Mexico slows fuel market opening, retains tax

OREANDA-NEWS. September 16, 2016. Mexico's finance ministry put forward a proposal to retain some control over fuel prices until the end of 2018, and effectively retain fuel tax revenue that is expected to reach 284bn pesos (\\$15bn) next year.

The proposal, included in the ministry?s 2017 budget bill presented to the congress last week, appears to backpedal on a prior government pledge to allow market-based fuel prices in January 2017, or a year earlier than an original deadline.

Mexico is opening up its long-cloistered oil industry, moving toward market pricing and competition, under a comprehensive 2014 energy reform that ended state-run Pemex's monopoly. But the government appears to be slowing down implementation of some aspects of the reform, such as fuel pricing, in anticipation of 2018 general elections, and to make up for revenue lost to lower oil prices.

If adopted, the new finance ministry proposal could further hamper the launch of private-sector gasoline and diesel imports by perpetuating a fuel tax, known as the IEPS. Although many local and foreign companies have been authorized to import gasoline and diesel since April, none have actually started because the tax undermines the economics compared with fuel purchased from Pemex, even though Pemex itself is also subject to the levy.

In contrast, the private sector has been importing LPG, which is subject to a much lower IEPS tax.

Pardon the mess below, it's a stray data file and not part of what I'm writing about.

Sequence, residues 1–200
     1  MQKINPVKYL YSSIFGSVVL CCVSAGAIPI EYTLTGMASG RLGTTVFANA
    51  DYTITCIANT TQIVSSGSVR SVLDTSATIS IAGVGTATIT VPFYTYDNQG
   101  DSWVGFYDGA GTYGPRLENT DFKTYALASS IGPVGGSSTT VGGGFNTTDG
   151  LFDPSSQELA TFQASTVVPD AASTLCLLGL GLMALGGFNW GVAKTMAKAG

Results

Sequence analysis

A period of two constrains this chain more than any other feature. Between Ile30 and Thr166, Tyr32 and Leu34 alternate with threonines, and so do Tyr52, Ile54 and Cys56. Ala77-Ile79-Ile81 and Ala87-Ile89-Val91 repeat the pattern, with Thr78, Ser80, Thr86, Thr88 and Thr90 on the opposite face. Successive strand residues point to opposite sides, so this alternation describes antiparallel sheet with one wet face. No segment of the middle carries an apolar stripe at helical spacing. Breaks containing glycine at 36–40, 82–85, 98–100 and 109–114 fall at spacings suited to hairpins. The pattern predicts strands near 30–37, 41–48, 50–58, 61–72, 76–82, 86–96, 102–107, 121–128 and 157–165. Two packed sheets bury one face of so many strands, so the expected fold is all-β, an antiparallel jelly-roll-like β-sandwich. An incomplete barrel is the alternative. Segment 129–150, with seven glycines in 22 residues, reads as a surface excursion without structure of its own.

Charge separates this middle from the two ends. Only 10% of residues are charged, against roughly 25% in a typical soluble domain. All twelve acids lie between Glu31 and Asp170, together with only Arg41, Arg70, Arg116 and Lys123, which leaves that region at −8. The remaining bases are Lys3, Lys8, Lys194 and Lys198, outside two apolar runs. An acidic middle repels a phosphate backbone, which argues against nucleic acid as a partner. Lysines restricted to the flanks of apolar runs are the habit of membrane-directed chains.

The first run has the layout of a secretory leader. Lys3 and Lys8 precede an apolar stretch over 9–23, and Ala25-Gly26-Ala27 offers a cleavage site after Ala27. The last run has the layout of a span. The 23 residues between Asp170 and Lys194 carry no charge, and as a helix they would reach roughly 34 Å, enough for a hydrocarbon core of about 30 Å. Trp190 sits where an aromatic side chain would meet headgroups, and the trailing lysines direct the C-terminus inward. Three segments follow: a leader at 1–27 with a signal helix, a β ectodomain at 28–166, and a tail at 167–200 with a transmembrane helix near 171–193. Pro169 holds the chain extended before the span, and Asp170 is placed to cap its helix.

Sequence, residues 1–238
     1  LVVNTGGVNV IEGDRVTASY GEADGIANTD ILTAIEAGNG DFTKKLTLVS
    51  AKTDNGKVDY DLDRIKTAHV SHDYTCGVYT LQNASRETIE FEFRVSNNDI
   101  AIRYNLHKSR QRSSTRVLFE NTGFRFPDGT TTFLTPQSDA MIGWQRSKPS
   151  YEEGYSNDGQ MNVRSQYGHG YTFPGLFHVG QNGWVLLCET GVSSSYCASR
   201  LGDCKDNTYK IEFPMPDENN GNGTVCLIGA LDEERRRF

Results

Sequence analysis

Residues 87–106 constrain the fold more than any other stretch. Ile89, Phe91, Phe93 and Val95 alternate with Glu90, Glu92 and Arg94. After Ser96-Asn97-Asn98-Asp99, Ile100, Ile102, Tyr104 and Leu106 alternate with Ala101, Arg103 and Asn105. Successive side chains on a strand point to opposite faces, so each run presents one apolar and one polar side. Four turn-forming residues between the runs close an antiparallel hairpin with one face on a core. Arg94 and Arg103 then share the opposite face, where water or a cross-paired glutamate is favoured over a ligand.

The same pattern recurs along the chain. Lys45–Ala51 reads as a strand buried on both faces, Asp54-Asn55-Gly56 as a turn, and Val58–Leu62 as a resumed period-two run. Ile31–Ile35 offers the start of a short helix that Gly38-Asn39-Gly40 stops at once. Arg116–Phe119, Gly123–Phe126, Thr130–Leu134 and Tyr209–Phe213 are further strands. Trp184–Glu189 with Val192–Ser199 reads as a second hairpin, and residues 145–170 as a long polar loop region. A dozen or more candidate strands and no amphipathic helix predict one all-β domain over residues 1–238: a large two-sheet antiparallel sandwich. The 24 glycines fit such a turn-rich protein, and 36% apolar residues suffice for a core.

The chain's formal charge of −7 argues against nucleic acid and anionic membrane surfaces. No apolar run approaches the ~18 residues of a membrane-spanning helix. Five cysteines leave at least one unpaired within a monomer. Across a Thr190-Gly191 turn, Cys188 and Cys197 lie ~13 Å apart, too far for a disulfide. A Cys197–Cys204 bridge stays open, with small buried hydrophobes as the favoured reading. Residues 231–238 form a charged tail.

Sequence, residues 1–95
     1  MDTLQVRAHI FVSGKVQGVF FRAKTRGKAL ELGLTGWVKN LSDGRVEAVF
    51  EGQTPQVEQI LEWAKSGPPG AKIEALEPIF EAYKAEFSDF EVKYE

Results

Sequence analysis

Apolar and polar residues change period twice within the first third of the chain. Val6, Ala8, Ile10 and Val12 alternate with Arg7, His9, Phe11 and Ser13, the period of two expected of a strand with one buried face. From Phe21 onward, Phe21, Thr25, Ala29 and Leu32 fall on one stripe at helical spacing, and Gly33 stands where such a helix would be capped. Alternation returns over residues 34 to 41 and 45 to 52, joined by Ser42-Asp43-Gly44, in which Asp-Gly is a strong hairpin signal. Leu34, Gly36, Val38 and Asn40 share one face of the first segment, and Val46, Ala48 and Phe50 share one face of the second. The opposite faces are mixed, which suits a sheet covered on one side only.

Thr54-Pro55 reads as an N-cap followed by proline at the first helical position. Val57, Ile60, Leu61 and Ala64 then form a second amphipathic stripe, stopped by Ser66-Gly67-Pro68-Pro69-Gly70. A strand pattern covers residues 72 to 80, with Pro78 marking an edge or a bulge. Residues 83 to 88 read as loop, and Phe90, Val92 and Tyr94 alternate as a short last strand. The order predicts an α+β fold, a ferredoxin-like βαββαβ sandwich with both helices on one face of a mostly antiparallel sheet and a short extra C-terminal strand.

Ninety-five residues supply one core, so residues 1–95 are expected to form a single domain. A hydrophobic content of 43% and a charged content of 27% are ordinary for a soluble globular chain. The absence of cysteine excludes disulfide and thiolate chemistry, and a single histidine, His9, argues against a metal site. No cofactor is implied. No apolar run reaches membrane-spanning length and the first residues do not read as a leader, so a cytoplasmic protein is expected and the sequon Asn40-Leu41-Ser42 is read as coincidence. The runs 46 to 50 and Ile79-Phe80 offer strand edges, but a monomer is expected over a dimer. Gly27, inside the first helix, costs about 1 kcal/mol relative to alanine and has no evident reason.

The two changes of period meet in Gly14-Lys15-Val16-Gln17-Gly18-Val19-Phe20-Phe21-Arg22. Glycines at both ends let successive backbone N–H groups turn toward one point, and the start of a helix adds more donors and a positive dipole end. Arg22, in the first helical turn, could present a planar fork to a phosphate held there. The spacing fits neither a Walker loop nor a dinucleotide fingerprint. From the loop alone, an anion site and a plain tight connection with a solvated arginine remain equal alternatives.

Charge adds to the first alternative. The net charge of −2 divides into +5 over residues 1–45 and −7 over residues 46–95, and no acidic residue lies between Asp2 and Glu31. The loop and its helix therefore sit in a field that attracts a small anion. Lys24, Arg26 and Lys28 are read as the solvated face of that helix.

"When the government announced that prices would be liberated in January 2017, we thought they would decrease the tax, but really we're seeing that they will manage it the way that suits them best," said one fuel import permit holder. "Everything suggests they will keep control over prices until 2018, until the change of government."

Aside from impeding imports, the tax is widely seen as thwarting investment in much-needed oil transportation infrastructure and storage.

"We need the market opening to come with a lower fiscal burden," opposition PAN party senator Jorge Luis Lavalle told Argus today. "We need more clarity and better market conditions so that long-term investments can be made."

The 2017 budget bill recommends the introduction of a market-driven fuel pricing system in January 2017, but the shift would be implemented gradually, a few regions at a time, over a two-year transitional period.

Until the end of 2018, the end of the current administration, the ministry would continue to set maximum prices in regions that have not yet been liberalized, but it would also be able to intervene in liberalized regions in the event of price spikes. The proposal does not specify what or how many regions would be subject to market pricing, or when.

Currently, fuel prices are calculated based on an opaque formula partially tied to international prices, with a 3pc band around 2015 Mexican prices.

The new finance ministry proposal would allow the government to retain considerable tax revenue associated with the IEPS.

Although the IEPS on gasoline and diesel remains the same in the government's 2017 draft budget as this year, the actual revenue from the tax is forecast to jump by 27pc over the 223bn pesos anticipated this year, reflecting a projected recovery in oil prices and a resulting rise in fuel prices.

The revenue would help to ease some of the pressure on the government?s finances, which have been hit by the collapse in oil prices over the past two years. Last week, the finance ministry unveiled a 239bn peso cut in the draft 2017 budget.

The fuel tax represents around 65pc of the revenue of a larger extraordinary tax on production and services (IEPS), which also includes levies on alcohol, tobacco and high-calorie food and beverages.